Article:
2. Income and wealth inequality: What does the distribution of income and wealth look like within a population? How do we describe population distributions, especially when there is an extreme range of values (a big difference between the rich and poor)? Where does the idea of "the 1%" wealthy elite come from? How has income inequality changed over recent decades?
    Statistical tools: measures of central tendency (median, mode, mean), of dispersion, and of skew; the concept of "heavy tails" (the largest values being orders of magnitude larger than typical values); log-normal and power law distributions; fitting distributions to existing data; positive feedback, multiplicative growth and "cumulative advantage" processes.
  3. Income disparities: How does income (and wealth) differ across groups? How do we compare average or typical values? How do we compare entire distributions? How have income inequalities by race and sex changed over recent decades?
    Statistical tools: permutation tests for differences in mean (and other measures of the average); two-sample tests for differences in distribution; inverting tests to find the range of differences compatible with the data; the "analysis of variance" method of comparing populations; the "relative distribution" method of comparing populations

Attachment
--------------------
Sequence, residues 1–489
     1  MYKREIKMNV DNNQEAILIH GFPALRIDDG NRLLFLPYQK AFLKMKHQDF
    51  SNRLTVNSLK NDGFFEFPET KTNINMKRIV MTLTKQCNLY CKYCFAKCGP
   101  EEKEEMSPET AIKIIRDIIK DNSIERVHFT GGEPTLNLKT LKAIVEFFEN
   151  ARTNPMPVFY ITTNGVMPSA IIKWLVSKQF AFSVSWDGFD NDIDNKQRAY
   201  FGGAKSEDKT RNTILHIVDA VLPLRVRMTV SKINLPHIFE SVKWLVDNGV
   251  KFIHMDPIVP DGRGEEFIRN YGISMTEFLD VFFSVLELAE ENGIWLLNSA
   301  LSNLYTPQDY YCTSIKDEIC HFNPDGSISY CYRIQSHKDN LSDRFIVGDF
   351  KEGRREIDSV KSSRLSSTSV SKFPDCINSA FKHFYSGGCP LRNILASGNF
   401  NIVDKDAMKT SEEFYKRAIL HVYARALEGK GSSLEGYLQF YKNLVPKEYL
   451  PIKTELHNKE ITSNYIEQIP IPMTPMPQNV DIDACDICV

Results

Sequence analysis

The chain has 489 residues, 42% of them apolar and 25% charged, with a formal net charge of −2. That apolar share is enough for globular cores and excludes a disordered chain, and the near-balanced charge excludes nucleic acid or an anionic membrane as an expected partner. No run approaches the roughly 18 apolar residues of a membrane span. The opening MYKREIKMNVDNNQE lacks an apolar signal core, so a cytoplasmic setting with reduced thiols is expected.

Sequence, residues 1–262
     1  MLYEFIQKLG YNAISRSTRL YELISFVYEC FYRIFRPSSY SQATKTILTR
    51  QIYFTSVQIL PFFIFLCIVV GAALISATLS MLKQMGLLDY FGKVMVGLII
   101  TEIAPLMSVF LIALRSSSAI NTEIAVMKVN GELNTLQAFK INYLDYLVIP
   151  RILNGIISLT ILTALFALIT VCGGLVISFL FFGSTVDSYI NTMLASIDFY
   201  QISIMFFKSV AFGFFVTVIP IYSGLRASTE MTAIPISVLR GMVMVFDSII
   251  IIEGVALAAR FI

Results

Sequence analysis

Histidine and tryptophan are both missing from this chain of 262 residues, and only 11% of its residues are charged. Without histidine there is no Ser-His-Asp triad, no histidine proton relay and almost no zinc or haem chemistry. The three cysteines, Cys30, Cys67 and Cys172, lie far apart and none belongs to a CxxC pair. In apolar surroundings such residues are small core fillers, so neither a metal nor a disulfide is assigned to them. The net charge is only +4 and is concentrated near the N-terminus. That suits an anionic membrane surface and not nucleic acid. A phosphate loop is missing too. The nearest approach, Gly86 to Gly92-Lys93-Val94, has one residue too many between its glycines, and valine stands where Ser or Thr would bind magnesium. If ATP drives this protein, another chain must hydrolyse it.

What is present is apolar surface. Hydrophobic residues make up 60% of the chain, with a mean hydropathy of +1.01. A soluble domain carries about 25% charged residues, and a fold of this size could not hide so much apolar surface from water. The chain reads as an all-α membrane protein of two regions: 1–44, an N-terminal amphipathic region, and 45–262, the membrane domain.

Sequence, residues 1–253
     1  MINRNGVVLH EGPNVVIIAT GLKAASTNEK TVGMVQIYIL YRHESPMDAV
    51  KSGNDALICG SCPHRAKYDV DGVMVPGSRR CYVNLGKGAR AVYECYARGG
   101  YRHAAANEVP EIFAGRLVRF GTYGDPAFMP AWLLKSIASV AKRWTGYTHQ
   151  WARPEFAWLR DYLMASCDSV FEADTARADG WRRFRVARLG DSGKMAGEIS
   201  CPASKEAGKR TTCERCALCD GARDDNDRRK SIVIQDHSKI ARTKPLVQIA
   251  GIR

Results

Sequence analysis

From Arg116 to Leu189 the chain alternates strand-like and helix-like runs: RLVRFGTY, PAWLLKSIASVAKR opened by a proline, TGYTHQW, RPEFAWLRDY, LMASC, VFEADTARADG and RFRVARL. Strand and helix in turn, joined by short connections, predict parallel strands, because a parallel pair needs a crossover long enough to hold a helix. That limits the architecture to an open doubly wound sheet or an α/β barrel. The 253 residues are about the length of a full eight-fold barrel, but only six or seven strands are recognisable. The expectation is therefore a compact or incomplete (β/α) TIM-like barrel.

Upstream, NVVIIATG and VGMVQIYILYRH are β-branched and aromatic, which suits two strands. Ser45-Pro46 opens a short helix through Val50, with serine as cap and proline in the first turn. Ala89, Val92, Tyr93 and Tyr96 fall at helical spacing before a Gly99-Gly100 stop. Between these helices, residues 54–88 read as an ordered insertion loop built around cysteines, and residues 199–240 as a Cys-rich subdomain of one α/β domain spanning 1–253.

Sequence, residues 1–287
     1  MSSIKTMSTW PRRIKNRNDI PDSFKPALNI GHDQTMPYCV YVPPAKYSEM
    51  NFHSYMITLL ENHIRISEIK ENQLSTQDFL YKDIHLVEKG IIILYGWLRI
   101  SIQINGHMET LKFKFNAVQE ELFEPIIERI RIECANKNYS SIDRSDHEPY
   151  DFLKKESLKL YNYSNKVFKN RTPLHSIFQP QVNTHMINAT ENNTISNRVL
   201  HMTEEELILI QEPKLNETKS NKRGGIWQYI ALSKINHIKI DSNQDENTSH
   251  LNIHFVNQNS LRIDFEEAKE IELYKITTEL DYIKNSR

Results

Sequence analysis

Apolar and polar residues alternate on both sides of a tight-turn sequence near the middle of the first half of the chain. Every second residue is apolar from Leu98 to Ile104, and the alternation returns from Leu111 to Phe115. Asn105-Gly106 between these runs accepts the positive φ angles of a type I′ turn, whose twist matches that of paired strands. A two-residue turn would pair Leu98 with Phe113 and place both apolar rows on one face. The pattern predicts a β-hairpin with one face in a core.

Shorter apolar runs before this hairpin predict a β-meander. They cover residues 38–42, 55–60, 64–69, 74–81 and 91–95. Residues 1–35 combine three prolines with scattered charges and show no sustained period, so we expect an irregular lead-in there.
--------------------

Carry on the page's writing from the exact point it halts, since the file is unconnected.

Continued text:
4. Detecting discrimination in hiring: Do employers discriminate in hiring (or schools in admission, etc.)? How can we tell? When are differences in hiring rates evidence for discrimination? How do statistical perspectives on this question line up with legal criteria for "disparate treatment" and "disparate impact"?
    Statistical tools: tests for differences in proportions or probabilities; adjusting for applicant characteristics; deciding what to adjust for
  5. Detecting discrimination in policing: Do the police discriminate against members of particular racial groups? When do differences in traffic stops, arrests, or police-caused deaths indicate discrimination? Does profiling or "statistical discrimination" make sense for the police? Can groups be simultaneously be over- and under- policed?